Video: President Trump’s ideas about trade seem to be stuck in the 17th century, says columnist Catherine Rampell. (Gillian Brockell/The Washington Post)
For years, Donald Trump and right-wing pundits warned us about the War on Christmas. We should have listened.
Yes, they were mistaken about who would wage the assault. The anti-yuletide antagonist turns out to be neither Starbucks nor gay people nor the Obamas nor even the villainous American Civil Liberties Union.
In truth, Scrooge is Trump himself.
'Tis the quarter before holiday shopping season, and the president just announced tariffs on another $200 billion worth of Chinese goods, in addition to the $50 billion in products he imposed duties on over the summer.
The new tariffs could jack up prices on all sorts of standard Christmas purchases, including televisions, computers, mittens and knit hats. "Articles of apparel, of reptile leather" made the list, which could severely crimp the style of a certain former campaign chairman.
More to the point, Trump's tariffs could make Black Friday truly bleak.
That's true for the consumers whose wages are barely keeping up with inflation, and who don't have the spare change lying around to cover a 10- or 25 percent price hike if Trump's tariffs get tacked on to the cost of presents they plan to stash under the tree.
But it's also true for U.S. companies, including major American success stories such as Apple. The consumer products giant counts on holiday retail sales for about a third of its annual revenue. It has already warned investors that its watch, wireless headphones and Mac mini computer, among other products, might take a hit.
Trump's initial bah-humbug response was to suggest that Apple just start manufacturing all its products in the United States. Besides the impracticality of building, say, a $1 billion chip-fab plant in time for the holiday rush, this lazy response misses the big reasons firms have moved manufacturing abroad unrelated to tariffs: complicated economic factors including labor costs, matters of scale and global supply chains.
Facing a backlash, Trump checked his tariff list twice, so to speak, and removed a few categories that would cover some affected Apple products, such as smartwatches. But Apple fanboys shouldn't sleep snug in their beds just yet.
Trump has mused that his trade war may still be several sizes too small, like the original Grinch’s heart. As part of his airing of grievances, he’s threatening to slap import taxes on all $500 billion worth of stuff we currently purchase from China.
To give you a sense of the range of products involved here, consider the presents that Dr. Seuss' Grinch swiped from Whoville: "Pop guns! And bicycles! Roller skates! Drums! Checkerboards! Tricycles! Popcorn! And plums!"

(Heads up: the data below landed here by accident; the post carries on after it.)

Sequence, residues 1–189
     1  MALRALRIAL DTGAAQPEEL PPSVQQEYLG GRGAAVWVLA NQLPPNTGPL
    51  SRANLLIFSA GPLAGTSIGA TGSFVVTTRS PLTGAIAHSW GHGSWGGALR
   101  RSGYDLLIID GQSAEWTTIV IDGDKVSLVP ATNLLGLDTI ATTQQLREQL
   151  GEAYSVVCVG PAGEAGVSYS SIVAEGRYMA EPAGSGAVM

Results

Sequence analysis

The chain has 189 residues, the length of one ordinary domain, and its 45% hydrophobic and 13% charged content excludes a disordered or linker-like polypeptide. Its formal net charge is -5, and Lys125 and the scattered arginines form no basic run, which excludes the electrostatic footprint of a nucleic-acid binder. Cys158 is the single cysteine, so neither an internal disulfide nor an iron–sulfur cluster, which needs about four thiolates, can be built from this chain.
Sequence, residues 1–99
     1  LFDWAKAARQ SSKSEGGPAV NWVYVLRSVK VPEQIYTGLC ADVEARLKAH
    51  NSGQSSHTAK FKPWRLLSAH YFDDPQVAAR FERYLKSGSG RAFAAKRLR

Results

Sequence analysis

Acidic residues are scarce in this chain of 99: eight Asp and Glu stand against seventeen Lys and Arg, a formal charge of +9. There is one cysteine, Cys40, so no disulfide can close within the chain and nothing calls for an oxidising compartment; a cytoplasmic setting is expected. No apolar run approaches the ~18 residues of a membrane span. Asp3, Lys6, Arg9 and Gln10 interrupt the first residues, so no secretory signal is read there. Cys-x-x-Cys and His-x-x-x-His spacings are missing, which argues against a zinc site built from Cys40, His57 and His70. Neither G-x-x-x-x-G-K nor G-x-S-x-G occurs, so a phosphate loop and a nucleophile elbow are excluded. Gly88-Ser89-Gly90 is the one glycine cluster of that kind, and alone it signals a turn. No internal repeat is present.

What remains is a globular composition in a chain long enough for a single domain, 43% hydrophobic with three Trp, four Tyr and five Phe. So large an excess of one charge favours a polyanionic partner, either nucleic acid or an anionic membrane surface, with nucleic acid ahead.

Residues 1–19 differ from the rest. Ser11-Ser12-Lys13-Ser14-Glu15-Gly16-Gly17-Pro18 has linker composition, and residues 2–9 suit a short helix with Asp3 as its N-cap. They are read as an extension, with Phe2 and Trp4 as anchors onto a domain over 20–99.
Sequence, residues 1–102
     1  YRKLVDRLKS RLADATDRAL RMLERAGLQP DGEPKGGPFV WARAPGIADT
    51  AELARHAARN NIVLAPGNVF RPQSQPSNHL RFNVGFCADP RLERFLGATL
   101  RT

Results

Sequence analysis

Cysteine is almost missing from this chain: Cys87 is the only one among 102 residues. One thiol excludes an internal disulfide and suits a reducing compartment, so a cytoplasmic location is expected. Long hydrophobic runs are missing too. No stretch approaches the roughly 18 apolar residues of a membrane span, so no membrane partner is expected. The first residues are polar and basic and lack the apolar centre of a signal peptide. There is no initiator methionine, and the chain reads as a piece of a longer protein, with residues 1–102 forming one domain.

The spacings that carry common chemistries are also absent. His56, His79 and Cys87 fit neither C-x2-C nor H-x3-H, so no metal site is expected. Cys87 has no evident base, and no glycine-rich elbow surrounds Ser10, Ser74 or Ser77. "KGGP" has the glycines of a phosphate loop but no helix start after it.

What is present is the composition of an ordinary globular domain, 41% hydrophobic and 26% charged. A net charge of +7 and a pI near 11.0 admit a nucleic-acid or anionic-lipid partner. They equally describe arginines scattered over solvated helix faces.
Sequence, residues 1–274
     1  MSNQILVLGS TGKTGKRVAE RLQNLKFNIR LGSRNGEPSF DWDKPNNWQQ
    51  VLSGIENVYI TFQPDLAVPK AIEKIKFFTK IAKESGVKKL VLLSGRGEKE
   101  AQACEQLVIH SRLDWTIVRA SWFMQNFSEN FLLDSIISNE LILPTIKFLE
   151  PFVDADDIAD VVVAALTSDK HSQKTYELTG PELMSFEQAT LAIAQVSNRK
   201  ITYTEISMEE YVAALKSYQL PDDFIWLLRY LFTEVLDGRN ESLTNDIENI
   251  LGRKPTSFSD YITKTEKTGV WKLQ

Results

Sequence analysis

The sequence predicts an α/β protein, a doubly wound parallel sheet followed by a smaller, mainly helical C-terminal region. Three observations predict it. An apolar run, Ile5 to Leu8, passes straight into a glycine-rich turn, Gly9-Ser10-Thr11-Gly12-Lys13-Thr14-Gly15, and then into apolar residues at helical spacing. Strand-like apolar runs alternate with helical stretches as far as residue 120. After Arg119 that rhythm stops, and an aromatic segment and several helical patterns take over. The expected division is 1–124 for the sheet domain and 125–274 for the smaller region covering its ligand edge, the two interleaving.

At least three of those items (bicycles, tricycles, plums) are on the $200 billion list; the rest, with the possible exception of popcorn, would likely become more expensive if indeed Trump blanketed every Chinese import with new taxes. (Yes, Virginia, tariffs are indeed taxes.)
As expected, China has threatened to retaliate. But because we buy more from China than it buys from us, it will soon run out of U.S.-made products to strike with symmetric tit-for-tat tariffs.
Beijing has other means of fighting back, however. One way, according to the Wall Street Journal, might be by "restricting China's sales of materials, equipment and other parts key to U.S. manufacturers' supply chains."
In a sense, Beijing needn't bother.
According to data compiled by scholars at the Peterson Institute for International Economics, more than three-quarters of the China-specific tariffs that Trump has imposed or proposed so far are on intermediate and capital equipment that U.S. firms purchase, including some products for which China is the main supplier. This means Trump has effectively already restricted “China’s sales of materials, equipment and other parts key to U.S. manufacturers' supply chains.”
In other words, without being asked, Trump has been selflessly meting out China's proposed punishment for the United States — even though both countries will end up worse off as a result. It's like a garbled "Gift of the Magi," or something.
Perhaps Trump is merely trying to teach American consumers the True Meaning of the holiday season: that, as the Grinch himself learned, Christmas doesn't come from a store; it's about generosity, loving thy neighbor, peace on earth and goodwill toward men, etc.
Oh, who am I kidding? President “No Immigrants from S---hole Countries” hardly seems like a credible messenger for that.
Whatever comes of Trump's trade war in the months ahead, rest assured we'll all still get at least one Christmas present this year: loads and loads of coal. All American-made, of course.
Catherine Rampell is an opinion columnist at The Washington Post. She frequently covers economics, public policy, politics and culture, with a special emphasis on data-driven journalism. Before joining The Post, she wrote about economics and theater for the New York Times. firstname.lastname@example.org. Follow her on Twitter, @crampell